We know only a tiny fraction of the universe, and of our consciousness. The upcoming International Exhibition of the Milan Triennale, in 2022, curated by the astrophysicist Ersilia Vaudo, will help us to discover what we don’t know that we don’t know

Ersilia Vaudo Scarpetta is an Italian astrophysicist. At the moment, she is the Chief Diversity Officer of the European Space Agency. She’s a fascinating speaker, a performer of TED talks, capable of making anyone fall in love with STEM (science, technology, engineering, mathematics). Because she has a poetic perspective based on the scientific awareness that we are living in mystery. As often happens in moments of crisis, when we turn to science for solutions, Stefano Boeri has decided to assign Ersilia Vaudo the position as curator of "Unknown Unknowns," the upcoming International Exhibition of the Triennale di Milano, the 23rd, scheduled for 20 May to 20 November 2022. An exhibition prepared by an international panel of philosophers, scientists and designers. Under the auspices of the programmatic statement of the astrophysicist: “We know only 5% of the visible universe, 5% of what is in the oceans, of our own consciousness, and many other ambits. The 23rd International Exhibition will put us face to face with the thrill of seeking, of being surprised, of feeling fragile with respect to the vastness of that which escapes us: this symbolic 95% of unknown worlds with which we have to come to grips.”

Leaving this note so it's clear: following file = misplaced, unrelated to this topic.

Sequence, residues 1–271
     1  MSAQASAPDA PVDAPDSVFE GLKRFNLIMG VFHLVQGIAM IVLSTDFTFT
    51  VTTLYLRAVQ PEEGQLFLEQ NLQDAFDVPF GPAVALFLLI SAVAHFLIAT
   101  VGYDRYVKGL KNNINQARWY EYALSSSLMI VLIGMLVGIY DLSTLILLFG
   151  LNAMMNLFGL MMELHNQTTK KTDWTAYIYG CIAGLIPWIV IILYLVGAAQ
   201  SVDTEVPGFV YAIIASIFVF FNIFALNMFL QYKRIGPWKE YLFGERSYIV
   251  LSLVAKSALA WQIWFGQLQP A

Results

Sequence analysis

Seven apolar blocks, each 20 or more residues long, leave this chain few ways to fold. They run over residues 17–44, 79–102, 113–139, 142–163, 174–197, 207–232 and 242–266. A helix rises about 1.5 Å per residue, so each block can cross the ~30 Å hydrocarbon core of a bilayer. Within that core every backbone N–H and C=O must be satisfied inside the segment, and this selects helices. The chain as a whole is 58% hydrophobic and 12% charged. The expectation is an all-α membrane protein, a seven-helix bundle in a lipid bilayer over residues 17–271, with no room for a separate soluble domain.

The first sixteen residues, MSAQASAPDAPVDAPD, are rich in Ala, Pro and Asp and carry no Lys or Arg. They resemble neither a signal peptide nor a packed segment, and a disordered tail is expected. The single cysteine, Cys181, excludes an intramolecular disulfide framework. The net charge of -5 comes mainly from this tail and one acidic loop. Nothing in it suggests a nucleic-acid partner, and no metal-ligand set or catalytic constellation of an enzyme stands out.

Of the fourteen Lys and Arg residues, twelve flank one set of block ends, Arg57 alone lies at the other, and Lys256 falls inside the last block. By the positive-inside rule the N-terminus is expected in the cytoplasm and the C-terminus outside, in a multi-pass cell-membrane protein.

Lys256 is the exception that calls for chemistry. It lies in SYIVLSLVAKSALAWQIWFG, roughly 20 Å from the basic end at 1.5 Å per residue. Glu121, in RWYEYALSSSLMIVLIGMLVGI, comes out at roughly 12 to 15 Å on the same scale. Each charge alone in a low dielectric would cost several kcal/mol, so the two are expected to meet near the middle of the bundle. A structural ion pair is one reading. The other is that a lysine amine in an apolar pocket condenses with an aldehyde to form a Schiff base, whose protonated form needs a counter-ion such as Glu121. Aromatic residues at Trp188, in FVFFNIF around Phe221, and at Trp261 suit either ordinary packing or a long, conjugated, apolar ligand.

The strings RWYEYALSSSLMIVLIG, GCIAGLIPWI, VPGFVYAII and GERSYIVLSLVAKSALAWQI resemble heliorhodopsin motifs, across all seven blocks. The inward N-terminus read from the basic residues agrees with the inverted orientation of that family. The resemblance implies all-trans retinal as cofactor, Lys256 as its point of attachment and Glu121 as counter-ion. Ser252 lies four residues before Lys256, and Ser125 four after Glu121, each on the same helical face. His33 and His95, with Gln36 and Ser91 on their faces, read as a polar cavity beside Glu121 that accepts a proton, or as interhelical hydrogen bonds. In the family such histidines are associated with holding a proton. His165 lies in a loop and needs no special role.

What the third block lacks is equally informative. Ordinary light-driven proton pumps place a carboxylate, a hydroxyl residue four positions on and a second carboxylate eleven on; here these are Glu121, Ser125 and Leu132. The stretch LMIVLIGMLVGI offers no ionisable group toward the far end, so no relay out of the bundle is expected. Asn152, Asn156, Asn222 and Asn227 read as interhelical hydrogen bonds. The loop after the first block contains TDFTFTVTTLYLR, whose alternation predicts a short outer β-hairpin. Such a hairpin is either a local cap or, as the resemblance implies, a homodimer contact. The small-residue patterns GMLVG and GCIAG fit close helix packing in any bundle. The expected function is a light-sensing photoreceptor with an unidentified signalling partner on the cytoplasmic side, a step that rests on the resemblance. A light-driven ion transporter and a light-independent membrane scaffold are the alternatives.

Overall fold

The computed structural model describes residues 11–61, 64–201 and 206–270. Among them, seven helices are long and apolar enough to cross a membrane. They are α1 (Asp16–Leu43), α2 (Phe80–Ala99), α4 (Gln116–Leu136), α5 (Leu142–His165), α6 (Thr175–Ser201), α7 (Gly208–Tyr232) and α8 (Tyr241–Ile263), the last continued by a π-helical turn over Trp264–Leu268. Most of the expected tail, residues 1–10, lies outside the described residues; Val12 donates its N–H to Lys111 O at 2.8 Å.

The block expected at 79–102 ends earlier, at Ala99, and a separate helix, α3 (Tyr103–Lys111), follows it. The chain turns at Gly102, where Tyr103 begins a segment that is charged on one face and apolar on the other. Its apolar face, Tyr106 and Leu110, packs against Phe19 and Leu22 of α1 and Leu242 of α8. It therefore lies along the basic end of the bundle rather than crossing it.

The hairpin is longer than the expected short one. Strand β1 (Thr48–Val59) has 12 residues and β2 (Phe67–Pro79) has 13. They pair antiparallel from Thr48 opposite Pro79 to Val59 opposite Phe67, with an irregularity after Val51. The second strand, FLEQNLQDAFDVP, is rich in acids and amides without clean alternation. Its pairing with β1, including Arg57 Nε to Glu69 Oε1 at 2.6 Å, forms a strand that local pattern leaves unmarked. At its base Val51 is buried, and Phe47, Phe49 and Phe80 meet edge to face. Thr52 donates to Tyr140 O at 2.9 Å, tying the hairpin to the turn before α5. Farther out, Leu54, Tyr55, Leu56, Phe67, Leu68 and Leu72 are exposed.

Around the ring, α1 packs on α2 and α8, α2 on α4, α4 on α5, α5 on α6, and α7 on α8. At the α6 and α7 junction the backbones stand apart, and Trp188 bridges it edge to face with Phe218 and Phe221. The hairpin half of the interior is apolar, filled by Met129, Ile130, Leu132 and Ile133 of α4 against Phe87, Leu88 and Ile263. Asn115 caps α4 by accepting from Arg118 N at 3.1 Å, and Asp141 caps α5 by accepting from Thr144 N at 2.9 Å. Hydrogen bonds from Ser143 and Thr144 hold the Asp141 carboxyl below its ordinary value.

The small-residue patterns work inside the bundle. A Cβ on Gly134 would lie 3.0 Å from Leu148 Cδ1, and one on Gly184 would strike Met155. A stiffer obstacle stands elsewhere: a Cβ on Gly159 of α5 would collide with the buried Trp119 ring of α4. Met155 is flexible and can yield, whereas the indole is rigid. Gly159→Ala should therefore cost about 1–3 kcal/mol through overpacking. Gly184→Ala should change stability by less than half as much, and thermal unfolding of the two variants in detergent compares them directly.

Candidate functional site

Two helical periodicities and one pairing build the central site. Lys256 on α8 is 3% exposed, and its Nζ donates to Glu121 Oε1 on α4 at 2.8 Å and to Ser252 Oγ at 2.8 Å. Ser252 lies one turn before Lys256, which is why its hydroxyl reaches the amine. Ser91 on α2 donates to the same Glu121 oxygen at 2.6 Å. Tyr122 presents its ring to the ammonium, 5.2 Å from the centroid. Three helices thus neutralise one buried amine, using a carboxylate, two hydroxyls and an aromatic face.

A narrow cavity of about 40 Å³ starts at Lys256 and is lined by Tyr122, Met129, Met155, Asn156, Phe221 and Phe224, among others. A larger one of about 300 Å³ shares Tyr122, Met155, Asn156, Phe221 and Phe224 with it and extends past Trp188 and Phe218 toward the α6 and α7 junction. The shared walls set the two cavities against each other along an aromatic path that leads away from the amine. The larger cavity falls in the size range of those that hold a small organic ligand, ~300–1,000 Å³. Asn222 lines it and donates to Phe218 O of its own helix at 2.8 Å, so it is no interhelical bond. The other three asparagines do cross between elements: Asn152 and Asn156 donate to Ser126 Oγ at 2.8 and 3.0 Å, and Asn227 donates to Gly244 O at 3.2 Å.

The premises of "Unknown Unknowns" arose during the first lockdown. What traces remain of that moment of great human crisis in the project of the coming International exhibition of Milan Triennale?

The first symposium to prepare for the 23rd Milan Triennale was held on 4 March 2020, precisely on the first day of the closure forced by the lockdown. Starting with the issues raised by "Broken Nature," we tried to identify a theme. I talked about the universe, but there were also contributions on the oceans, biology, medicine, philosophy. I realized that there was a recurring ‘magic number.’ We know only a small 5% of the universe, the beds of the oceans, of our own knowledge and many other spheres. This percentage faces us with the vastness of mystery. So the challenge arose: how can we do an exhibition on what we don’t know? This led to the construction of an international network of agencies and institutions, representing a central element of "Unknown Unknowns." The Triennale has launched an international partnership with Fondation Cartier pour l’art contemporain and with the UN SDG Action Campaign, the initiative of the United Nations that mobilizes individuals and organizations all over the world to act for humanity.

In your view, why was an astrophysicist chosen to curate "Unknown Unknowns"?